Minimally invasive parathyroidectomy: 101 consecutive cases from a single surgeon.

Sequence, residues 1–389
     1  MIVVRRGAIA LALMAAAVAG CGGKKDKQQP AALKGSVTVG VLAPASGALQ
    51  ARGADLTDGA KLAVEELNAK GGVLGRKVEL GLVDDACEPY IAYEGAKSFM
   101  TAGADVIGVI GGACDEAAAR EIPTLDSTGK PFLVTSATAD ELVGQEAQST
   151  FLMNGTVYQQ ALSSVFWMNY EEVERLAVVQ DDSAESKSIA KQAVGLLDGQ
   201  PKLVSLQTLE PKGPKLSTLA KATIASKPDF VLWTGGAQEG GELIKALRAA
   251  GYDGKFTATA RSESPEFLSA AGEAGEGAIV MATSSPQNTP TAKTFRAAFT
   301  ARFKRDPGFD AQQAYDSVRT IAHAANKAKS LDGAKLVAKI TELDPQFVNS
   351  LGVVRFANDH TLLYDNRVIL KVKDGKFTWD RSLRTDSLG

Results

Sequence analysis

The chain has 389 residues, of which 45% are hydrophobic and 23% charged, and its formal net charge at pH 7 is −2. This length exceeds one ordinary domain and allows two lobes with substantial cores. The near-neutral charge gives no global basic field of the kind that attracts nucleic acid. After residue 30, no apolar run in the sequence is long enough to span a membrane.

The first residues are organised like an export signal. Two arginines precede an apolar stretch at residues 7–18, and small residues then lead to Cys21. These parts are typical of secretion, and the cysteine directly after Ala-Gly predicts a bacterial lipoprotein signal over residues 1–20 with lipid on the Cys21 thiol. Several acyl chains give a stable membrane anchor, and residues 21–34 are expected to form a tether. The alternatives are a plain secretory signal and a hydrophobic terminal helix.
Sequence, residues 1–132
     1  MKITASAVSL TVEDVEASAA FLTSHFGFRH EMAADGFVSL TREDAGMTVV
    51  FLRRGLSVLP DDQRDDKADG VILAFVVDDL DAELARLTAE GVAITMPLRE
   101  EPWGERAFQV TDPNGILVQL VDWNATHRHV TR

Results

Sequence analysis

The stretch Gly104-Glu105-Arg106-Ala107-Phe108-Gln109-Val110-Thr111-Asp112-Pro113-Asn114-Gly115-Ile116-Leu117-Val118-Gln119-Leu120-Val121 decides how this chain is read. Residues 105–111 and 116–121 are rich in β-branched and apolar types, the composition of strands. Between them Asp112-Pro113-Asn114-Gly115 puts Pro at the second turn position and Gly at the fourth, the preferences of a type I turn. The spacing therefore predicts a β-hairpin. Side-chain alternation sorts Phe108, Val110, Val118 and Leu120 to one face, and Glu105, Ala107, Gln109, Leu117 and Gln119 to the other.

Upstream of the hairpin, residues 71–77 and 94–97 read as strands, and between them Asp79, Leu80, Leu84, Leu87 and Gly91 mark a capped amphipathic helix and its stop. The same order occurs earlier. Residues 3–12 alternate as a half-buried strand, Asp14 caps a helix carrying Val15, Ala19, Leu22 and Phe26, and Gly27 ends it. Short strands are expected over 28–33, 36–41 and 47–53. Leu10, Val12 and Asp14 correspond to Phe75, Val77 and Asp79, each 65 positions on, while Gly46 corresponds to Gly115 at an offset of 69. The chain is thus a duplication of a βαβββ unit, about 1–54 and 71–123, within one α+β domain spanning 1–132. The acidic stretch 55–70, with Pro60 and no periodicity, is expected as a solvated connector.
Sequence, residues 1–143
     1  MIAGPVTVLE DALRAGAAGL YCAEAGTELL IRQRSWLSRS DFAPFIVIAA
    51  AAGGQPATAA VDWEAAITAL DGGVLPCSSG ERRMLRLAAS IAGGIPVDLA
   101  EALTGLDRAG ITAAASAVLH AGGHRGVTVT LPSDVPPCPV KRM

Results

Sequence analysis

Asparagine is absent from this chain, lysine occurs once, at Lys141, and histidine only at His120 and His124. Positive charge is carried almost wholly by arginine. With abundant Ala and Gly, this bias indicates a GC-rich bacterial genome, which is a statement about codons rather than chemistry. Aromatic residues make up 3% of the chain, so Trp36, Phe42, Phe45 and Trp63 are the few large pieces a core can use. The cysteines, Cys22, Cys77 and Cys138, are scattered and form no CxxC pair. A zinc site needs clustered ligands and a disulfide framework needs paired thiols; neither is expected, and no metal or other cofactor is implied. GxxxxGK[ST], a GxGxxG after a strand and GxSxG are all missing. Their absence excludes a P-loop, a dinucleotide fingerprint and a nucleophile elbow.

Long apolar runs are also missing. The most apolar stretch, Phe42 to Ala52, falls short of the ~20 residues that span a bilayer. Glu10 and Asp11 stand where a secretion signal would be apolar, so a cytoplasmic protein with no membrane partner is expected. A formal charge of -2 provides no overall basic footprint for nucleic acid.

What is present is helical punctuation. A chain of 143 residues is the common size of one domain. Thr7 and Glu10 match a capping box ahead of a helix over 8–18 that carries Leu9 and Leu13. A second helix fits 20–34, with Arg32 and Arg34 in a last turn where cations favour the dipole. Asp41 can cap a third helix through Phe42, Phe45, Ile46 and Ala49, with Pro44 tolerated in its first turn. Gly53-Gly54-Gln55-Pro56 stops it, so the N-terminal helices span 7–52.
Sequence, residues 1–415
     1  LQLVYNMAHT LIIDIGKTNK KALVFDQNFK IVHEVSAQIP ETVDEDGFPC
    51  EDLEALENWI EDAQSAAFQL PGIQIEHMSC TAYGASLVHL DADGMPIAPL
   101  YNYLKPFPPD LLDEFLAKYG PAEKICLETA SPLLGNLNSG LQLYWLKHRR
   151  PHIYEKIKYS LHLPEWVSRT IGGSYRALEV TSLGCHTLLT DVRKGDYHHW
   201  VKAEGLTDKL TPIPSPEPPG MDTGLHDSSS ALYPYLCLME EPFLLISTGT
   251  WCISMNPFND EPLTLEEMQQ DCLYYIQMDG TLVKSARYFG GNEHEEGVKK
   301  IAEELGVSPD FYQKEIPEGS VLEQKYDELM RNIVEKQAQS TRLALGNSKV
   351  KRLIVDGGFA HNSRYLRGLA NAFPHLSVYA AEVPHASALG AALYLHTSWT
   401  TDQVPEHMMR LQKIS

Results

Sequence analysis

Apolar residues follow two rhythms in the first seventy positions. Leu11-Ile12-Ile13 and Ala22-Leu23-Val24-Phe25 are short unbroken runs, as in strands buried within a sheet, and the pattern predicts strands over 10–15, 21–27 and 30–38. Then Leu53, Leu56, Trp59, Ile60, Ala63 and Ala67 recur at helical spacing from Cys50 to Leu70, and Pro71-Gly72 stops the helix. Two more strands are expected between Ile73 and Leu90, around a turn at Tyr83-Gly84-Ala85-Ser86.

BACKGROUND: Intraoperative rapid parathyroid hormone (iPTH) assay is changing parathyroid surgery. One surgeon's experience at a tertiary care hospital was followed as minimally invasive parathyroidectomy (MIP) was adopted. STUDY DESIGN: In this prospective case study, patients underwent technitium 99m sestamibi scanning, iPTH monitoring, and MIP. A sestamibi-directed incision was made, and iPTH was measured preincision, preexcision of abnormal gland(s), and at 5- and 10-minute intervals. MIP was complete after gland(s) was excised and iPTH fell to less than 50% of preoperative levels. Routine discharge was on the day of surgery with daily calcium and calcitriol to minimize outpatient hypocalcemia. Secondary and tertiary hyperparathyroidism patients were excluded. RESULTS: From December 1999 to June 2002, 101 patients underwent MIP. Patients were 27% men and 73% women, with two reoperations. Preoperation laboratory results averaged serum calcium 11.08 (normal 8.5 to 10.5 mg/dL) and parathyroid hormone (PTH) 169 pg/mL (normal 10 to 55 pg/mL). Average iPTH values at operative intervals were 152, 151, 68, and 50 pg/mL, respectively. Operation demonstrated 12% of patients had four-gland hyperplasia, 3% had double adenomas, 2% had parathyroid carcinomas, and 83% had single adenomas. Discharge on the day of surgery occurred in 83% of single-adenoma patients. Postoperative laboratory results averaged calcium 9.4 mg/dL (p < 0.001 versus preoperation) and PTH 48 pg/mL (p < 0.001). Fifteen patients (16%) had elevated PTH after operation, but without elevated calcium levels. One patient had persistant hyperparathyroidism. CONCLUSIONS: MIP with iPTH monitoring is a safe and effective means of treating hyperparathyroidism. This approach allows for limited dissection and early discharge for the majority of patients.
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